The negotiations in which the Greek government was obliged to participate has illustrated the inane nature of the myths put forward by the extremists on both the left and right regarding democracy in Europe, about "austerity", and the supposed German domination. Reality also shines through especially when default is just around the corner.
Is the European Union seen as a democratic space? Are its institutions seen to function effectively? And finally what place is there for any intermediary organisations in this new definition of European democracy? The democratic divide between the political world and its citizens is the focus of public debate now more than ever before. There is a fear of losing status, a feeling of exclusion from places of power and by those who occupy that space: it has to be admitted that a feeling of mistrust now reigns within European civil society. Disenchantment with Europe is not inevitable however. Solutions can be found to revive citizen enthusiasm, to encourage their renewed acceptance of the European cause and of the project for society which this implies. This means reconciling economic and social results.
During the first semester of 2015 Latvia ensured the presidency of the Council of the European Union. After this period Laimdota Straujuma, Latvia's Prime Minister gives the Foundation her impressions and recalls the questions addressed during the presidency (Eastern Partnership, investment plan, digital market, data protection etc.).
In an interview Alain Lamassoure, MEP, Chair of the European Parliament's Committee on Tax Rulings (TAXE) reviews the main economic issues of the moment for the Robert Schuman Foundation. He recalls the progress made regarding transparency and financial regulation in Europe but that there is still a great deal to do.
The "Juncker Plan" to revive investment is one of the points on the agenda of the European Council on 24th and 25th June. This economic, financial but also political intitiative taken forward by the President of the Commission has apparently been the focus of bitter debate in Parliament and the Council. It is due to enter into force this summer. Olivier Marty reviews the points debated during the trilogue for the Foundation and assesses the agreement that was reached. He then analyses the constructive nature of the discussions undertaken by those involved. Finally he discusses the economic environment in which the plan will be implemented.
30 years after its signature on 14th June 1985, the Schengen agreement, which set up an area for the free movement of people, is fundamental to the building of Europe. It is an example of cooperation that combined at the outset a small number of States before being extended within the framework of treaties, whilst allowing participation by States that are not members of the European Union. The Foundation publishes a study by Philippe Deivet that draws up a report on this cooperation and insists on the challenges ahead. Confronted with challenges that are without precedent within a context of profound destabilisation amongst its neighbours, the Schengen area must be strengthened in order to ensure effective control of its external borders whilst responding to the humanitarian emergency.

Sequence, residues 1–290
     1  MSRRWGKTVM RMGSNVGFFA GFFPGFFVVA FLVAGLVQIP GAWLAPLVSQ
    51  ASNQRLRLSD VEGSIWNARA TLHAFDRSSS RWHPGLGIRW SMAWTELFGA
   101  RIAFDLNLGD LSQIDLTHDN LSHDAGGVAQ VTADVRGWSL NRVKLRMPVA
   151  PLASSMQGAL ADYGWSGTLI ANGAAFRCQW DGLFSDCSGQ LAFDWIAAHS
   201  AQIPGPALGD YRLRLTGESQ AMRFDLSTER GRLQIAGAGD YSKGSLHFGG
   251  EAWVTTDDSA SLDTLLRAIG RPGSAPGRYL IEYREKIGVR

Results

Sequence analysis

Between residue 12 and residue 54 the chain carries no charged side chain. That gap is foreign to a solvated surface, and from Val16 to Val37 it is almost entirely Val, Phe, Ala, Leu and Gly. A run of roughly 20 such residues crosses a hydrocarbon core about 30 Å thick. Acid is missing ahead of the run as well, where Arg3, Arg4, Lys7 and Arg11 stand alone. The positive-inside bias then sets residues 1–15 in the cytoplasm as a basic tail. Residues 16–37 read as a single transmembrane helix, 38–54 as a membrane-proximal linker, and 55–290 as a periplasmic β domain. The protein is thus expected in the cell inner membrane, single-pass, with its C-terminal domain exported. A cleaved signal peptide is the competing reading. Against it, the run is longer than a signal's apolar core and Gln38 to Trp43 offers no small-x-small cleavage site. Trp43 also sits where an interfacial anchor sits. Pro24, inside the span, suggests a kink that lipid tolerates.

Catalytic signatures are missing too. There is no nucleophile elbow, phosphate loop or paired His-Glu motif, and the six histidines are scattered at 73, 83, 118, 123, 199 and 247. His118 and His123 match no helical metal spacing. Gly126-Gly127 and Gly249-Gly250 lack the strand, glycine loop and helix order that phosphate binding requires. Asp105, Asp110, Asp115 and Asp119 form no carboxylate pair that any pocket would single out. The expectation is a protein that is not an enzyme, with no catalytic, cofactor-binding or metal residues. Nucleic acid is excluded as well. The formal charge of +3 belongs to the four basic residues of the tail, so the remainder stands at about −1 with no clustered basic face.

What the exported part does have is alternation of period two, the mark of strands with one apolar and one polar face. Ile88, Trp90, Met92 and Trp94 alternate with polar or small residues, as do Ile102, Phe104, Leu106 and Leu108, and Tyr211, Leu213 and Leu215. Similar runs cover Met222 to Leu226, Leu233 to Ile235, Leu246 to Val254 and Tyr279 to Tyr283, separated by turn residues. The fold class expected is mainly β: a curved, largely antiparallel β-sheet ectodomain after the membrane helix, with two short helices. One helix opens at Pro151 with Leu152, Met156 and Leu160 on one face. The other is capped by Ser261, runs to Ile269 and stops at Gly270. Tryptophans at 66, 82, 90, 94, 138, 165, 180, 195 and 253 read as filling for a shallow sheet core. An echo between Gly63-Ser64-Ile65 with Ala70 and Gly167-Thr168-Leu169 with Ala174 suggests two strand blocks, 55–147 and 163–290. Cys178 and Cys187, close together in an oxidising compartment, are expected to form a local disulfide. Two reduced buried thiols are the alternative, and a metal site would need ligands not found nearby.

Developments in terms of world security have dangerously weakened the defence systems of the countries of Europe. An increase in conflicts and threats on the borders of Europe together with a regular risky decrease in European defence budgets over the past 20 years, as well as an inevitable disengagement on the part of the USA are the reasons behind this. This uncertain situation is taking us towards a pooling of forces and capabilities within the European Union, but it has to be acknowledged that to date the States' political will has been lacking. EuroDéfense-France highlights the interest in drafting a European White Paper on Security and Defence and examines the conditions of its feasibility, it identifies the obstacles to overcome and also the opportunities to seize. The authors put forward an outline and possible prospects.
The hypothesis whereby the UK might leave the European Union still seems unlikely in the eyes of most. It has become plausible however. Indeed British Prime Minister David Cameron has promised that if his party remains in office after the general elections on 7th May, a referendum will be organised on the possible Brexit by the end of 2017 at the latest. Jean-Claude Piris gives a detailed legal analysis of the various possible options and their consequences for the UK and the European Union.
Is 2015, the year of recovery for Europe? The fresh election of the Union's political institutions offers an exceptional opportunity for a better understanding of future issues: strengthening of the euro zone, the position of France and the UK in Europe, regional secessionism, growth and employment, investment and financing of the European economy, Energy Union, immigration, terrorism, European Defence and security challenges in the east and south, transatlantic issues etc... These questions form the core of the Schuman Report 2015. This work of reference is for both decision makers and observers of the European Union, a source of analysis and original proposals, supported by a requirement for rigour and quality. It is a vital tool for a full panorama of European policy. Available in good bookshops, as an e-book and on the Foundation's site.